Little progress made on education attainment gap in Scotland

Nicola Sturgeon has said closing the attainment gap, which sees children from rich backgrounds outperform their poorer counterparts, is a key priority for the government
Nicola Sturgeon has said closing the attainment gap, which sees children from rich backgrounds outperform their poorer counterparts, is a key priority for the government
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The Scottish Government’s education record has come under fire as figures show falling numbers of school-leavers ending up in “positive destinations” and little progress on closing the attainment gap.

Official statistics showed that 8.6 per cent of those leaving school in 2015-16 failed to make it to work, training or further/higher education. That was an increase from the 8 per cent who made it to a so-called “positive destination” the previous year and the first fall in the figures since 2012-13.

First Minister Nicola Sturgeon has said closing the attainment gap, which sees children from rich backgrounds outperform their poorer counterparts, is a key priority for the government.

But, according to the statistics, just 85 per cent of those from the poorest backgrounds made it to a positive destination in 2015-16 compared with 96.2 per cent of those from the richest backgrounds who did.

The 11.2 percentage points gap between the richest and the poorest was an increase on the ten-point gap recorded in 2014-15.

The proportion of children from the most deprived backgrounds finding themselves in a positive destination fell from the 86.3 per cent recorded in 2014-15.

In the past, the Scottish Government ministers have used the percentage of children finding themselves in “positive destinations” after leaving school to defend their handling of the education brief.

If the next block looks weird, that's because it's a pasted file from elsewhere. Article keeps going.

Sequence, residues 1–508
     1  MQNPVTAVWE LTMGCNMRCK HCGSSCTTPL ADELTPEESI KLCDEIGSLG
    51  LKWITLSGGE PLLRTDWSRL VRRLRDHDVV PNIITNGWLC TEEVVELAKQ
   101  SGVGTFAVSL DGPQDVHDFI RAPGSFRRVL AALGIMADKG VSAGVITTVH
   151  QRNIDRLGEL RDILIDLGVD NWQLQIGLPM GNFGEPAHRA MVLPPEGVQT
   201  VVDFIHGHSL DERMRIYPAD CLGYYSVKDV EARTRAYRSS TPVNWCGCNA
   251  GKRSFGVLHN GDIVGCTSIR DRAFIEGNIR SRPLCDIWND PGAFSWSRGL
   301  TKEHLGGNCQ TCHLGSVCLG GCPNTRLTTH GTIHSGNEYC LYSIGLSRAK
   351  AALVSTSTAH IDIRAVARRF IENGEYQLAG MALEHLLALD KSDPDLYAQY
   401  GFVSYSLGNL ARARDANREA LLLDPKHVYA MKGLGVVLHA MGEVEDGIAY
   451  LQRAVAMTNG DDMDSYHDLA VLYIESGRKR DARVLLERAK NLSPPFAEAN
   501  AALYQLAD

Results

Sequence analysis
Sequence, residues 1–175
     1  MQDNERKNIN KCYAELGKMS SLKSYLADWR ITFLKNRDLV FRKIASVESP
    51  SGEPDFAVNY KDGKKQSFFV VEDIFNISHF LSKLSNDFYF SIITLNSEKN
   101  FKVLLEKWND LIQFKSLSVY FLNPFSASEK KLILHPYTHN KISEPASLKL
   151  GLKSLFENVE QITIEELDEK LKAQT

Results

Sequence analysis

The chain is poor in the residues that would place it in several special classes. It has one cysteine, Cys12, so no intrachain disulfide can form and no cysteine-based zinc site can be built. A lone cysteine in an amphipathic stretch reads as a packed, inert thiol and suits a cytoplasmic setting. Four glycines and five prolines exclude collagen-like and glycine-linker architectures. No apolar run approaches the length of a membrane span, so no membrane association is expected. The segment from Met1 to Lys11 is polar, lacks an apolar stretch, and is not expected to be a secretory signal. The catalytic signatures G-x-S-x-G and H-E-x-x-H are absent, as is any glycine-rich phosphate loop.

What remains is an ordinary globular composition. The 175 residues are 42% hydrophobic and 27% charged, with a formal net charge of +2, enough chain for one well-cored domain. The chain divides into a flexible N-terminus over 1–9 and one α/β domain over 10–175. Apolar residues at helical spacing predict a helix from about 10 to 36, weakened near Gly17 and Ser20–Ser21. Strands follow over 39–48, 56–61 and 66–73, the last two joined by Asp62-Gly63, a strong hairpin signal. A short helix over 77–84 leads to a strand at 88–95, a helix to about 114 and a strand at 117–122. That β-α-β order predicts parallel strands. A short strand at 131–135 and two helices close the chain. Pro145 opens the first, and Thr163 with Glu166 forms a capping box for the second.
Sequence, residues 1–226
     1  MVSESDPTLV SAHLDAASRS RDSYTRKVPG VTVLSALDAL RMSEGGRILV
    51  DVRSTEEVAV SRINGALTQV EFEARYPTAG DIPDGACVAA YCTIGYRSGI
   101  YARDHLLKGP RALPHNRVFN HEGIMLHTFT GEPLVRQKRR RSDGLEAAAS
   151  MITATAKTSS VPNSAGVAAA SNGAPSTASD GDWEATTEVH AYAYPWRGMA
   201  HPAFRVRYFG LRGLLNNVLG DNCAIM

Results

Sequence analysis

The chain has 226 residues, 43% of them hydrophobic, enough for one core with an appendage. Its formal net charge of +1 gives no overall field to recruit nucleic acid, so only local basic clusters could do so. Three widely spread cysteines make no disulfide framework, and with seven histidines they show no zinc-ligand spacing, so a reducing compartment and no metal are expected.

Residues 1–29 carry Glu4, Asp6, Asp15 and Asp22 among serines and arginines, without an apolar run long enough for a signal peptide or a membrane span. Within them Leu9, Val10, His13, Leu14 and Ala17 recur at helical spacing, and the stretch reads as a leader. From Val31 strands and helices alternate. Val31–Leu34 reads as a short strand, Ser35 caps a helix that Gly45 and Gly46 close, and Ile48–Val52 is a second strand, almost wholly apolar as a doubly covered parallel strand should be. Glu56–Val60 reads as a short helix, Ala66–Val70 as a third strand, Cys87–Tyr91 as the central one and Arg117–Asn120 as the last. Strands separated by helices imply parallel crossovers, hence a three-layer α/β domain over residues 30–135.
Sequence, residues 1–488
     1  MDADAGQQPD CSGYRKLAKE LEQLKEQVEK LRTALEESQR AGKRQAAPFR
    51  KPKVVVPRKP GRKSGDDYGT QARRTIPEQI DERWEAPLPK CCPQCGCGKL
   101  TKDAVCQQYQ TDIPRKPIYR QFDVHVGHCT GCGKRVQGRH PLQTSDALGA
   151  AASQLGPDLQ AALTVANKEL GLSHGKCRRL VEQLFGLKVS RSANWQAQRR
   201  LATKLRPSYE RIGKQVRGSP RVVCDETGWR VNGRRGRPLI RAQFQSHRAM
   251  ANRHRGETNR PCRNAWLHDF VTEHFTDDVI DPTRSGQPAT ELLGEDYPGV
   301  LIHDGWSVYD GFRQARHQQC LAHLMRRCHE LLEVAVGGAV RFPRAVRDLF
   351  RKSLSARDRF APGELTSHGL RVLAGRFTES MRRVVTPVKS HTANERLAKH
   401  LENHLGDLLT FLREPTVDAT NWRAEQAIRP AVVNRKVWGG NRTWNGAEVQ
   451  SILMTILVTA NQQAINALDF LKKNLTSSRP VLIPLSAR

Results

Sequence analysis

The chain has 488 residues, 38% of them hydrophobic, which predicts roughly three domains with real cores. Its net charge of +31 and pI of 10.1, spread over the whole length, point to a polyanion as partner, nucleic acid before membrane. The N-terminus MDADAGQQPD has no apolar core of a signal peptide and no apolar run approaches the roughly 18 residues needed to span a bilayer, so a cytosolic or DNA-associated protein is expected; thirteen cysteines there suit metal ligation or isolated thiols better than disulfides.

A “positive destination” is defined as being in higher education, further education, training, voluntary work, employment or activity agreements.

Analysis of the statistics showed fewer than 4 per cent of the richest 20 per cent of children don’t go on to employment, education or training. When it comes to the poorest 20 per cent, 15 per cent of those school leavers don’t make into employment, education or training.

Overall, the percentage of school leavers going to either further or higher education has fallen from 62.5 per cent in 2013-14 to 59.7 per cent in 2015-16.

The Conservative education spokeswoman, Liz Smith, said: “The number of young people going on to positive destinations is one of the First Minister’s go-to statistics when she is under pressure. Now she can’t even say that is increasing. The likelihood of a school-leaver ending up at university, college, training or work is still far too dependent on their background.”

Labour education spokesman Iain Gray said: “Nicola Sturgeon promised to make education her top priority. Instead the gap between the richest and the poorest has grown as opportunities for school leavers are closed off.”

Education Secretary John Swinney said the number of youngsters from the poorest parts of Scotland leaving school with at least one Higher had increased, but admitted more progress had to be made.

Mr Swinney said: ““While this is a step in the right direction, there is still more to do to close the gap between our most and least vulnerable ­children, and raise attainment for all.”